My sister was beneficiary on my fathers savings account that she was to split 4 ways.she didn't split it can we sue her for it.
3 attorney answers
Ms. Gruber is correct that the money in the savings account passed only to your sister if she was named as the beneficiary and she has no obligation to share it. This is because a bank account with a named beneficiary does not become a part of the probate estate; it just passes directly to the beneficiary. You can request proof that the savings account did name her as a beneficiary if you're not sure that it did.
As far as your sister's felonies, the court does have authority to appoint a PR even if the person has felonies. If you have proof that your sister is stealing from the estate or failing to include estate assets in the probate, you can petition the court to have her removed as PR and someone else appointed. Her prior concealment from the court would be a strike against her in this type of proceeding. I would be especially concerned if she is acting as PR without having an attorney assist and represent her.
However, note that these types of proceedings are expensive and you will typically have to pay your own attorney, although the estate may have to reimburse you if you win. Also, your sister can use the estate's assets to defend herself, but she may have to pay these back if she is removed. Regardless, it will cost the estate a significant amount of money and reduce the amount of money all of the beneficiaries get- this can cause additional strife.
I suggest you gather whatever paperwork your sister has filed with the court and other info you may have about the estate's assets and consult with an attorney who practices in estate and trust litigation. You need the advice of a professional and an attorney advocating for you, if necessary. Probates are complex statutory proceedings and this is not something you should tackle on your own.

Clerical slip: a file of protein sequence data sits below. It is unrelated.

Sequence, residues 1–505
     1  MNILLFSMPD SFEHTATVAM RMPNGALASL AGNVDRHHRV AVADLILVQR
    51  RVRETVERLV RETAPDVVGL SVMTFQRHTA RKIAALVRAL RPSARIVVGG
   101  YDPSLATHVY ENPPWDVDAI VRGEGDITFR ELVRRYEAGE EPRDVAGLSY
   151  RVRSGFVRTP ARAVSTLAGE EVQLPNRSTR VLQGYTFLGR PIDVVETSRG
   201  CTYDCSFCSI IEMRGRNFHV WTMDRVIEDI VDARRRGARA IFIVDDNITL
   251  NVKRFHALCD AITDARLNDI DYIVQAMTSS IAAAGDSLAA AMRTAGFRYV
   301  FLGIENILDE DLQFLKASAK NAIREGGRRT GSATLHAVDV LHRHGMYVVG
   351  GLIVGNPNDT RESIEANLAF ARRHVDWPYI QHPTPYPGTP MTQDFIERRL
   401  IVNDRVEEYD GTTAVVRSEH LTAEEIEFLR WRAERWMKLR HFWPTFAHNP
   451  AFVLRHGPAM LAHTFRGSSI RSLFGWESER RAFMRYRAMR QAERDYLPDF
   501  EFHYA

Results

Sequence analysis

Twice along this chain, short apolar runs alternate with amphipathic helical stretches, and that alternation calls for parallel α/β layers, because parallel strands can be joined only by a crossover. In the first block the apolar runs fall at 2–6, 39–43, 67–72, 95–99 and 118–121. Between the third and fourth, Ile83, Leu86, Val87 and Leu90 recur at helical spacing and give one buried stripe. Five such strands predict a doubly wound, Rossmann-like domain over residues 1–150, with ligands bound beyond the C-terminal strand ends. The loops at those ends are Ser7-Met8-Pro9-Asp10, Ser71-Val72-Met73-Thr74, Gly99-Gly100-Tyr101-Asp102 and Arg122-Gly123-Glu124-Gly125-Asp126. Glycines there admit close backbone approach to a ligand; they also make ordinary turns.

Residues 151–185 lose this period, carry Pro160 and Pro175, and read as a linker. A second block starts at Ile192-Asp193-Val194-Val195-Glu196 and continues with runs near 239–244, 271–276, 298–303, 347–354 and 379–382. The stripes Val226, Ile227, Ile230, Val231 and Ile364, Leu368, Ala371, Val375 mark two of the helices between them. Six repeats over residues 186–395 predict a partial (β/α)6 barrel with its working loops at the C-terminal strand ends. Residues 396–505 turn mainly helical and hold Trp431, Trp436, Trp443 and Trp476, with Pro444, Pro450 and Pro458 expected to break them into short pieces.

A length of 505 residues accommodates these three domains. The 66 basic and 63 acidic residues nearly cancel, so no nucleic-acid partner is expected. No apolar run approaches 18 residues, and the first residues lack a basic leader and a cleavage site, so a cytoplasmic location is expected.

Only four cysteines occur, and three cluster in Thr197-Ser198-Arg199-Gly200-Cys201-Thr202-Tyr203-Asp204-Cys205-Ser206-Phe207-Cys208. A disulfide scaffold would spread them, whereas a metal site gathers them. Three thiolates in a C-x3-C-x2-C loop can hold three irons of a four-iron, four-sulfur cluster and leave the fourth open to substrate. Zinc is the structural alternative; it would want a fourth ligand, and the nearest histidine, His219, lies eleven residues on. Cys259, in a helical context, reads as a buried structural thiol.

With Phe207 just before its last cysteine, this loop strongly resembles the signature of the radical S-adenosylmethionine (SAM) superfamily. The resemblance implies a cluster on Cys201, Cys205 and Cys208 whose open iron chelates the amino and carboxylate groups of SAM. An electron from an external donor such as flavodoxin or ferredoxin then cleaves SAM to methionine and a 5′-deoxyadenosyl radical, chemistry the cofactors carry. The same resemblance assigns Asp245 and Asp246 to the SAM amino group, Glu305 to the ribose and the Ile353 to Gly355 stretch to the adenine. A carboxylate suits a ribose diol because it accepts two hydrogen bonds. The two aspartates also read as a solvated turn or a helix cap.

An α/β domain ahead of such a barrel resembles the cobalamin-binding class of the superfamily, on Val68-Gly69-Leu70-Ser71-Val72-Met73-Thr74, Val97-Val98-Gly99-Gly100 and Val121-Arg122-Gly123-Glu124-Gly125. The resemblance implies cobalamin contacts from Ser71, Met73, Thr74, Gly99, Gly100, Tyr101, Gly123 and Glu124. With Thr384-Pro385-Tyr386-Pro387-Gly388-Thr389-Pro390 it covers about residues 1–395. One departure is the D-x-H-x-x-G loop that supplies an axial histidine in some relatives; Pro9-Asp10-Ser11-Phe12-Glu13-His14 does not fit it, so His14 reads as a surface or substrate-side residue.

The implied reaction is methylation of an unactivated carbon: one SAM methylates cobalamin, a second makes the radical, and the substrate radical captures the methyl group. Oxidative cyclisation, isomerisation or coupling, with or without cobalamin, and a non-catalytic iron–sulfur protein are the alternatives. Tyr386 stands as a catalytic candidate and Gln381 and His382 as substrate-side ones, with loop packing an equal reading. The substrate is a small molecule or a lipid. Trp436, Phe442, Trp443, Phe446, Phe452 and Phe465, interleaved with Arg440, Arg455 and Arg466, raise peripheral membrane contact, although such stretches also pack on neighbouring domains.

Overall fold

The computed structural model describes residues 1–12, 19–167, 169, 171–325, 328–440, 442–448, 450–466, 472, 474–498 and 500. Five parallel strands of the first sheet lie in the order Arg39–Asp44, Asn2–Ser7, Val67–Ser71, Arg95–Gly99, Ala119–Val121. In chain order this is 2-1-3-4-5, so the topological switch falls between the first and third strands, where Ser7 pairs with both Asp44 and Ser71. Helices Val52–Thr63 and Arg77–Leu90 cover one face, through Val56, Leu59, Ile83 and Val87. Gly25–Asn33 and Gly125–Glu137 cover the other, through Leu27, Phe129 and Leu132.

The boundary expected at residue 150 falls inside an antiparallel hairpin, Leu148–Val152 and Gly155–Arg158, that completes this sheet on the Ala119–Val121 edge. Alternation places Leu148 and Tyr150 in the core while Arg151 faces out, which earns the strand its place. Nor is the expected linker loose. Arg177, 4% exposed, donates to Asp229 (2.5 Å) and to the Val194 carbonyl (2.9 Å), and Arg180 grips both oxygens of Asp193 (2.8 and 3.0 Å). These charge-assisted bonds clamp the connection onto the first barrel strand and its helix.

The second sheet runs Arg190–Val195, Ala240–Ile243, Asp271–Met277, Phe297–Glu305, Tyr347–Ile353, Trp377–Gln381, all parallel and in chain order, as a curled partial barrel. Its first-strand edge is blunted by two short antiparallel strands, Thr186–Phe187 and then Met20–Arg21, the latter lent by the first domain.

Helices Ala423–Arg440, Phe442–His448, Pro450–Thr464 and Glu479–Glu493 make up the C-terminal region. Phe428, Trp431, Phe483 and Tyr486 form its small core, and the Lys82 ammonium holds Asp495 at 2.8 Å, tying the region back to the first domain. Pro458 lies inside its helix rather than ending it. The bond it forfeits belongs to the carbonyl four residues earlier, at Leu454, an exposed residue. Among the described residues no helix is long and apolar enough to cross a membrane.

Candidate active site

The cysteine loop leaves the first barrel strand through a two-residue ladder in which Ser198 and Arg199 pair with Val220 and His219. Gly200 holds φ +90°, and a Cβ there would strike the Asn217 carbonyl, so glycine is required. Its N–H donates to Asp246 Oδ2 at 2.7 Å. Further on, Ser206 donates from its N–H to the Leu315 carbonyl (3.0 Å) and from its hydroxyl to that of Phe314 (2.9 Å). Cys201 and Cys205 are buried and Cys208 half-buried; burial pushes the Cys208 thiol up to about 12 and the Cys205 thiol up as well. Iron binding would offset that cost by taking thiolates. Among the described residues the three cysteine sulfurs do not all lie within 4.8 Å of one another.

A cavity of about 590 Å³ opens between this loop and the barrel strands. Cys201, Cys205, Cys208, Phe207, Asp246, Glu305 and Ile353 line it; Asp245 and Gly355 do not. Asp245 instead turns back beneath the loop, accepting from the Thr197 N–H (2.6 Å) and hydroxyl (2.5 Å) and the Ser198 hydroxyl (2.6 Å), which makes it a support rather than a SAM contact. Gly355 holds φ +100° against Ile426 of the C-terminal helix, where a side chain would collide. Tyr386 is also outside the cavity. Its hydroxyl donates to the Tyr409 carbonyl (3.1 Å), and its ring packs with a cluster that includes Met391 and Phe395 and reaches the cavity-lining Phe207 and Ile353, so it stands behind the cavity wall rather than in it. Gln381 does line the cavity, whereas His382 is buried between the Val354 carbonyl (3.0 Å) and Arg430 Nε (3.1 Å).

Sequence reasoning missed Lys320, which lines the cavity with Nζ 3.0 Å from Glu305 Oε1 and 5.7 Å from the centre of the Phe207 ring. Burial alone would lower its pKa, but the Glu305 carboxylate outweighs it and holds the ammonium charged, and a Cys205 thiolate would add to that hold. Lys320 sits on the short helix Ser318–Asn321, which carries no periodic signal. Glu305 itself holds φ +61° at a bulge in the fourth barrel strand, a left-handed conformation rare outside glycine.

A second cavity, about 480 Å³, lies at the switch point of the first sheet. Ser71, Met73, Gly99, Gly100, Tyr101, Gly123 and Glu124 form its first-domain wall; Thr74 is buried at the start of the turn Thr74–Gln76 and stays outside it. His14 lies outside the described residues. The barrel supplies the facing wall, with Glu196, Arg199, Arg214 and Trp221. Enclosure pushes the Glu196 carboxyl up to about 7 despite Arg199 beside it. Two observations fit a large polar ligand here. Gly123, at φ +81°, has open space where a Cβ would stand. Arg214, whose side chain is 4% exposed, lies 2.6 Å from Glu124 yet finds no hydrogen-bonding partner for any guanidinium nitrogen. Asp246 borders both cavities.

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Sorry. She is not legally obligated to split the bank account with anyone. If she has felonies and the probate is in Oregon, I suggest you can the probate attorney & tell him/her.
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If she is the only named beneficiary on the account, then any verbal agreements cannot be honored unless there is a writing. Therefore, she can do with the proceeds as she sees fit.
It appears that she was named executor of your Dad's Will and depending on Oregon law, unless she is not managing the assets of your Dad's estate correctly, the court will honor you Dad's wishes naming her executor.